Problems Cutting Hardwood Plywood

I'm trying to cut some 3/4" oak plywood for use in a bookshelf project I'm currently working on. I've cut this type of plywood using this very saw before and haven't have any problems at all.
However, this time around I'm having serious difficulties. I started out using a my old plywood blade. I managed to cut about two feet of length, but the saw really seemed to be struggling. Finally it started smoking in contact with the wood, and then ground to a halt. I checked the blade and it had completely dulled, with melty points on the tips. So I bought a brand new blade and tried it out, but had the same results.
In desperation, I changed back over to my general purpose blade, with fewer teeth. It made it a lot further, but in the end ground to a halt.
I've examined a cross section of the plywood and haven't noticed anything weird (no metal, for example). I suppose it could be that I just have a bad sheet of ply, however.
Another factor might be that I loaned this saw to a neighbor a couple of weeks ago. He's a real goob, so I suppose it's possible that he may have broken something...but I haven't seen anything obviously wrong with the saw.
Any ideas on what might be the problem?
To be honest, I'm kinda hoping that my saw is just worn out. This will be a great excuse that I can give to my wife as I head into town to buy a newer, better saw. ;->
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Not without knowing what type of saw it is ... but a blade misalignment, either to the fence in the case of a table saw, or a bent shaft from misuse in the case of a circular saw, would cause this behavior.
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Sorry, I meant to mention that I'm using a circular saw.
A bent shaft...misuse...It wouldn't surprise me at all if that were the case.
Thanks so much for the input. :- )
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I hope you get to the bottom of the problem. IMHO this is not the time to buy a new saw.....better to find out what is wrong first. I had similar problems with a Milwaulkee saw and found the problem to be a bent sole plate. A few minutes with the vise, blocks of wood and a hammer and it is back to it's old form. Dave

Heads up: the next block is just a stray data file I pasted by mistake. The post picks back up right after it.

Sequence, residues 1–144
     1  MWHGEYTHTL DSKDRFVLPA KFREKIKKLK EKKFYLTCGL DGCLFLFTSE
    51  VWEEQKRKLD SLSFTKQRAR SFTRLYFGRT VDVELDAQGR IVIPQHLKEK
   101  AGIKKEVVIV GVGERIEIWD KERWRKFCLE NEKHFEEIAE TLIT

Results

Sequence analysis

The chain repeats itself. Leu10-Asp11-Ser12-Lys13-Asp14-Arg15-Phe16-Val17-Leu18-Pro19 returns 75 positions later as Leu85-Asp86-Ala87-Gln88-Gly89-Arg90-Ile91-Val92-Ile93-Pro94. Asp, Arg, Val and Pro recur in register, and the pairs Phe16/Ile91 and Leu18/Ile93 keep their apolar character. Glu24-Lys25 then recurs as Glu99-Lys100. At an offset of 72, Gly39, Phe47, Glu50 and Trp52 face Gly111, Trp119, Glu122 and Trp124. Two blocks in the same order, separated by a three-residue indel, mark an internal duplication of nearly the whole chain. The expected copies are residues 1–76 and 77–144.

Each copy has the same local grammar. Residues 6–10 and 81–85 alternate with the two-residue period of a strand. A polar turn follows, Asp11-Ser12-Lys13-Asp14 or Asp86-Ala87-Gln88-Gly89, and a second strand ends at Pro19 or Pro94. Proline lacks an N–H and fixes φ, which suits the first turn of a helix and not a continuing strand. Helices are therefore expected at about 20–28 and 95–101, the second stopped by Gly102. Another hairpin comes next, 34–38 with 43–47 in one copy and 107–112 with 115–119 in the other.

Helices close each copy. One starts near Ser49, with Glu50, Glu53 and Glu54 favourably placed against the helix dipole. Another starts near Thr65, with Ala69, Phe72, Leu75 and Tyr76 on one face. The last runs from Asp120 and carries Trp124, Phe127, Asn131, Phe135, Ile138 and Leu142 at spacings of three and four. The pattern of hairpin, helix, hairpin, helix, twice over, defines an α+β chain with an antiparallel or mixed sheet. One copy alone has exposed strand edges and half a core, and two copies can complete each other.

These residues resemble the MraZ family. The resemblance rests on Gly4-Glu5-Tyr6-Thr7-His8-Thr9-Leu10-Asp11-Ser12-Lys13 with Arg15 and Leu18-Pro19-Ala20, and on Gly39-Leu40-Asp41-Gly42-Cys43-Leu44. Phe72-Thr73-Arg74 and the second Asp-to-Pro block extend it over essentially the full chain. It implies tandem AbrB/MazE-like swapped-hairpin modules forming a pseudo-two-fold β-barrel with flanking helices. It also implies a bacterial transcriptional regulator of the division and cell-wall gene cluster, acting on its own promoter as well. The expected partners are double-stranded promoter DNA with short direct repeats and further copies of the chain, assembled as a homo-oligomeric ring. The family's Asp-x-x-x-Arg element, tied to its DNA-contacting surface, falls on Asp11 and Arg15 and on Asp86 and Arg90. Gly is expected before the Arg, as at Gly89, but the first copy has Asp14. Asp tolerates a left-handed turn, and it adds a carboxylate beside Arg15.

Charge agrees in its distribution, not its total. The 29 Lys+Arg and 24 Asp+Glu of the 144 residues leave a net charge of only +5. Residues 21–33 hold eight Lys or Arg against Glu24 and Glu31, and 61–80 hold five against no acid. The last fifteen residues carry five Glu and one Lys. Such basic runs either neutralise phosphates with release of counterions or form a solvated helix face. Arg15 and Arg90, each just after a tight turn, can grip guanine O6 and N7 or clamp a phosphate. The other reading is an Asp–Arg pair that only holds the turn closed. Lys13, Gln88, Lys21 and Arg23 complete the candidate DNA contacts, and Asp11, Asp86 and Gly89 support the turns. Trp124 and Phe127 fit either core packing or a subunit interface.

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Now it's interesting that you would mention that. I've inspected the saw and the shaft doesn't seem to be visibly out of alignment. However, when I insert the blade into my existing cut, the saw seems somehow "wobbly", to put it technically. I'll inspect the baseplate and see what I can find out.
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On Sun, 17 Feb 2008 05:50:43 -0800 (PST), snipped-for-privacy@knology.net wrote:

How well is the fence aligned? Sounds as though you might be pinching between the fence and the blade.
Of course a nice new table saw...
Mark
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Got the blade(s) on right? You wouldn't be the first woodworker in this group to put a blade on backwards. DAMHIKT.
-Zz
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Heh...Yes, having done that very thing before, that was the first thing I checked. ;->
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On Feb 17, 8:50am, snipped-for-privacy@knology.net wrote:

Steel saws are not so durable when cutting plywood, the glue is very hard and dulls them rather quickly. They can be pretty easy to sharpen with a taper file right in your own workshop. If the edge of the shoe or sole of your circular saw is not parallel to the blade you won't get much mileage when cutting with the shoe against a batten.
If you want a new saw look at the porter cable #330, small but wonderfull.
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snipped-for-privacy@knology.net wrote in

To check wobble. Measure the blade width and then measure the saw kerf.
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Plywood glue is hard on regular steel blades. Buy a fine tooth carbide tipped blade and your troubles will be over.
Charley

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